One of the things on my Cameroon bucket list since arriving here, has been to attend mass with one of our host families. This may seem like a strange thing to put on a bucket list because how different could church possibly be if it’s the same religion that exists in the United States and in Europe? The answer is: VERY different. During our time spent exploring the city on Sundays; going on hikes, visiting different markets and walking through various quarters, we have passed many churches. They don’t look anything like churches in the Western world- most are abandoned buildings taken over by the parish or even semi-enclosed shacks on the side of the road. But one thing ties them all together: when walking on the complete other end of the street, one can still hear the pumping music and loud singing emanating from these places of worship. Upon snooping closer, we would see people standing up and clapping, people dancing and shouting, people playing a variety of different instruments and people with mile-wide grins on their faces. This was not my general experience with church whether in the U.S. or in Ireland. So, when last weekend, Arjun’s host mother invited us to attend church with her, I quickly agreed.
Mass started at 10:30am (the second mass of the day- there is also one at 8am) and the church is only the next street over from ours so we walked there. At first glance, especially in the haze and cloudiness of the morning, this Protestant church was slightly foreboding, to say the least. It is situated inside a giant, abandoned, concrete factory so instead of glass windows there are gaping holes and instead of walls there are pillars of cement or protruding wires and metal rods. The only thing that might demonstrate a church is the huge wire cross on top of the many-storied building. But the outside was teeming with people stopping to buy food at one of the stalls set up in the exposed foundation before heading in, so the building was less-than solitary. We walked in to the usual stares, pointing and whispers (which have become so normal to me at this point, that I barely even notice) and sat near the front. Inside the big, open room were pews towards the back and then a large space at the front before the altar which had a chair and a pulpit on it, but little else. The decorations were basic: some ribbon here and there and a plain wooden cross. A choir and band sat off to one side and were already playing when we got there.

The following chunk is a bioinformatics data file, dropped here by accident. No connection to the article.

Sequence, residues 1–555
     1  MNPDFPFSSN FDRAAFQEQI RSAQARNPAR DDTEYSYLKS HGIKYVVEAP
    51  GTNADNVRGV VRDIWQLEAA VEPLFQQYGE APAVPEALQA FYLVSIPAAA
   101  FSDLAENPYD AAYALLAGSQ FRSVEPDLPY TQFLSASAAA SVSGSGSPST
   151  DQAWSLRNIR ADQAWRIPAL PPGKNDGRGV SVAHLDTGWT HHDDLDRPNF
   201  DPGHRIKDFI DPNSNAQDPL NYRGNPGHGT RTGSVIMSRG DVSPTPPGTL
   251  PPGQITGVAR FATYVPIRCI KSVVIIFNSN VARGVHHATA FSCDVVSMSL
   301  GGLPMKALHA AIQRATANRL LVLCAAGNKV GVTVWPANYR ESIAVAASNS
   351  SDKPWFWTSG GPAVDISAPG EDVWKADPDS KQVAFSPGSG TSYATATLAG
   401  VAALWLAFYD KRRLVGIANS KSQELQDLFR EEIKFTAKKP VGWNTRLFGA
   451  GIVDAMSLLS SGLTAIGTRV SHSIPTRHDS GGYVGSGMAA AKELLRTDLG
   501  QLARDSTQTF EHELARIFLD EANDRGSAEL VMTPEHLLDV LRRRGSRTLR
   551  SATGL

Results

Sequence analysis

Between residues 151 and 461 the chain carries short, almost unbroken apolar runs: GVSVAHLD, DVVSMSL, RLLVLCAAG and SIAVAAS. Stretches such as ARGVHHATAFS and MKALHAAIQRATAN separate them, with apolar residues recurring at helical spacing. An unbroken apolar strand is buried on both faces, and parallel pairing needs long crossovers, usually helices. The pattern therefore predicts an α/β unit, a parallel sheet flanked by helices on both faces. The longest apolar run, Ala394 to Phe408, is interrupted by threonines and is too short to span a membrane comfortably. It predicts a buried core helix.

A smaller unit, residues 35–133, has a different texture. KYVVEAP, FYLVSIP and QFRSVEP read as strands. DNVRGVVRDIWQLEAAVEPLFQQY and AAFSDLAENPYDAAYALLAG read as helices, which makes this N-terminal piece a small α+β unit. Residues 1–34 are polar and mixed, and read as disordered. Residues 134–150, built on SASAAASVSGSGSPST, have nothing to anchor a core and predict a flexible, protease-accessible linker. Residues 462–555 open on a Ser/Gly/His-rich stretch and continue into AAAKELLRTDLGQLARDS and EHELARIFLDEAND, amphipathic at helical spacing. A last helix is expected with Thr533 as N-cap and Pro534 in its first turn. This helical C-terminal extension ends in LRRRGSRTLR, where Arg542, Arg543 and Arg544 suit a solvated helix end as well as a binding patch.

The mass itself was probably the most fun I’ve seen people have at mass in a long time. It was the most fun at mass I’VE had in a long time. It was mostly music, with different groups standing up at random around the room to sing their songs or play their instruments which included traditional drums, flutes and something that sounded like a kazoo. An ensemble of retired ministers started off by singing their way into the church. One man even got up and sang a song he wrote himself. Ah, here was the use for the open space in front of the altar! He jammed out, adding dance moves liberally. The minister also joined in the dancing and singing, often abandoning his chair and the altar so as to have more room to dance. It felt more like a concert than a mass. There was constant noise: clapping, snapping, singing, repeating words during the homily, and crying out agreements. At one point, Arjun and I had to stand up and be welcomed since we were new to the parish and everyone came over to shake our hands. After two hours (yes, TWO- would Westerners ever be able to sit this long or have this long an attention span?!), we were ushered out with several little girls hurrying over to touch our hair and our arms. I tried to remember afterwards, did we even really pray?! It must have been hidden somewhere in all that music. But even though maybe there wasn’t as much time for quiet contemplation and serious praying, I felt like the parish was more connected to the essence of their religion than most people I know back home. The emphasis here is put on joy, laughter, music and enjoyment of worship, without most of the rules and regulations that come with church back home. People leave church smiling, children run around and dance during the mass without anyone being annoyed and much of the population is made up of young people. Arjun’s two host sisters, Lucresse (16) and Morgane (19) came with us. Church here is not a requirement or an obligation, but a time that seems to be deeply cherished because it is a time to relax, reflect and appreciate, while also having a lot of fun.